“Poets are the unacknowledged legislators of the world,” Percy Bysshe Shelley once mused. His famous epithet resonates today as readers turn to a new generation of poets who are bringing rhyme and reason to bear on thorny ideas and urgent emotions in uncertain times. In this special event, the poets behind some of the year’s most thought-provoking and stirring works read and perform from their works. Featuring Eunice Andrada (TAKE CARE), Tony Birch (Whisper Songs), Maxine Beneba Clarke (How Decent Folk Behave), Madison Godfrey, Sarah Holland-Batt (The Jaguar and Fishing for Lightning), Jazz Money (how to make a basket), Omar Musa (Killernova) and Sara M. Saleh, with host Declan Fry.

Jazz Money (Australian)

Jazz Money

Jazz Money is a Wiradjuri poet and artist currently based on Gadigal land. Her practice is centred around the written word while producing works that encompass installation, digital, film and print. Jazz's writing has been widely performed and published nationally and internationally. Her David Unaipon Award-winning debut collection how to make a basket was published in 2021.

Maxine Beneba Clarke (Australian)

Maxine Beneba Clarke

Maxine Beneba Clarke is the ABIA and Indie award winning author of over nine books for adults and children, including the critically acclaimed short fiction collection Foreign Soil, the bestselling memoir The Hate Race, the Victorian Premier's Award-winning poetry collection Carrying the World, and the Boston Globe/Horn Prize winning picture book The Patchwork Bike, illustrated by Van T. Rudd. She is the editor of Best Australian Stories 2017, and Growing Up African in Australia. Her most recent poetry collection is How Decent Folk Behave.

Tony Birch (Australian)

Tony Birch

Tony Birch is the author of the bestselling The White Girl, winner of 2020 NSW Premier’s Award for Indigenous Writing and shortlisted for the 2020 Miles Franklin Award; Ghost River, winner of the 2016 Victorian Premier’s Literary Award for Indigenous Writing; and Blood, shortlisted for the 2012 Miles Franklin Award. He is also the author of four short-story collections Shadowboxing, Father’s Day, The Promise and Common People. His latest works include the poetry collection Whisper Songs and the short story collection Dark As Last Night.

Sarah Holland-Batt (Australian)

Sarah Holland-Batt

Sarah Holland-Batt is an award-winning poet, writer, editor and critic. Her most recent books are The Jaguar, and Fishing for Lightning, a collection of her poetry columns in The Australian. She is currently the 2022 Judy Harris Writer in Residence at the Charles Perkins Centre, University of Sydney, and Professor of Creative Writing at QUT. In 2016, she was awarded the Prime Minister's Literary Award for Poetry.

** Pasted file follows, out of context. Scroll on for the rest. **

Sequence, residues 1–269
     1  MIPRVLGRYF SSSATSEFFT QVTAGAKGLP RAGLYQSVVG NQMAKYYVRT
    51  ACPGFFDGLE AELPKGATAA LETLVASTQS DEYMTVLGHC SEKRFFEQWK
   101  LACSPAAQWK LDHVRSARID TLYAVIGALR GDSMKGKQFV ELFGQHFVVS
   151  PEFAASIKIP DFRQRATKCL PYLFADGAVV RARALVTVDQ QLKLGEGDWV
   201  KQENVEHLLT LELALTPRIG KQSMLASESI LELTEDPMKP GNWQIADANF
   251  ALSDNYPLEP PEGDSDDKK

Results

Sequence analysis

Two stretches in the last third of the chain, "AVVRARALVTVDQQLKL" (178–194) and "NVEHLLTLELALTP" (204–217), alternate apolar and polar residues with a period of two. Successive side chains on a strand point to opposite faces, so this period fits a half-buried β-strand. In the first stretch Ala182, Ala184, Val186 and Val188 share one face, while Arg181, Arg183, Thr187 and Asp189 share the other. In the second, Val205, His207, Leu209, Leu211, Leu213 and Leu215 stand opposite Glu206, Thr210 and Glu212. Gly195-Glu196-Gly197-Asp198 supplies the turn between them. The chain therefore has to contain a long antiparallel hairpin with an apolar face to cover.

Omar Musa (Australian)

Omar Musa

Omar Musa is a Bornean-Australian author, visual artist and poet from Queanbeyan, Australia. He has released four poetry books (including Killernova), four hip-hop records, and received a standing ovation at TEDx Sydney at the Sydney Opera House. His debut novel Here Come the Dogs was longlisted for the International Dublin Literary Award and the Miles Franklin Award and he was named one of the Sydney Morning Herald’s Young Novelists of the Year in 2015. His one-man play, Since Ali Died, won Best Cabaret Show at the Sydney Theatre Awards in 2018. He has had several solo exhibitions of his woodcut prints.

Sara M. Saleh (Australian)

Sara M. Saleh

Sara M. Saleh is a poet, writer, activist, and the daughter of migrants from Palestine, Egypt and Lebanon, living on Gadigal land. Sara's writing has been published in English and Arabic in various outlets, and she has spoken and performed in classrooms, community spaces, and at festivals nationally and internationally. In 2021, she won both the Peter Porter and Judith Wright Poetry Prizes. Sara's debut novel, Songs for The Dead and The Living (Affirm Press) is out next year. She is a proud Bankstown Poetry Slam 'Slambassador'

Eunice Andrada (Australian)

Eunice Andrada

Eunice Andrada is a poet and educator. Her first poetry collection Flood Damages won the Anne Elder Award and was shortlisted for the Victorian Premier’s Literary Award for Poetry and the Dame Mary Gilmore Award. Take Care is her second poetry collection. Born and raised in the Philippines, she currently lives and writes on unceded Gadigal Land.

Madison Godfrey (Australian)

Madison Godfrey

Madison 'Maddie' Godfrey is a writer, educator, and emotional feminist. They have performed poetry at The Sydney Opera House, St Paul's Cathedral and Glastonbury Festival. Madison is a previous recipient of the Kat Muscat Fellowship, the Varuna Poetry Flagship Fellowship and was recently rewarded a WA Youth Award for their 'Creative Contributions' to the state. Currently Madison is completing their PhD and living on Whadjuk Noongar land with a rescue cat named Sylvia.

Declan Fry (Australian)

Declan Fry

Born on Wongatha country in Kalgoorlie, Declan Fry has written for The Guardian, Overland, Australian Book Review, Liminal, Westerly and elsewhere. His Meanjin essay “Justice for Elijah or a Spiritual Dialogue with Ziggy Ramo, Dancing” received the 2021 Peter Blazey Fellowship and he has been shortlisted for the Judith Wright Poetry Prize. He currently lives with his partner, their pup Walnut, and a cat, Turnip. His latest story will appear in the forthcoming anthology Another Australia.